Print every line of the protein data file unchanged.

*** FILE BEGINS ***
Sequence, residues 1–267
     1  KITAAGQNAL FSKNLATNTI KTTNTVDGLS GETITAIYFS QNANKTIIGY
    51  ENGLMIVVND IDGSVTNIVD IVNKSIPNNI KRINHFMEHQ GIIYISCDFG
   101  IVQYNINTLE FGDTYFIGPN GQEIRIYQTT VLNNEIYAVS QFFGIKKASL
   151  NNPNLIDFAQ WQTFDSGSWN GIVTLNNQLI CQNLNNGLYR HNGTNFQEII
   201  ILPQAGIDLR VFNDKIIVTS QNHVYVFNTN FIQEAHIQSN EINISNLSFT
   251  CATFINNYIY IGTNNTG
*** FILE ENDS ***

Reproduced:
Sequence, residues 1–267
     1  KITAAGQNAL FSKNLATNTI KTTNTVDGLS GETITAIYFS QNANKTIIGY
    51  ENGLMIVVND IDGSVTNIVD IVNKSIPNNI KRINHFMEHQ GIIYISCDFG
   101  IVQYNINTLE FGDTYFIGPN GQEIRIYQTT VLNNEIYAVS QFFGIKKASL
   151  NNPNLIDFAQ WQTFDSGSWN GIVTLNNQLI CQNLNNGLYR HNGTNFQEII
   201  ILPQAGIDLR VFNDKIIVTS QNHVYVFNTN FIQEAHIQSN EINISNLSFT
   251  CATFINNYIY IGTNNTG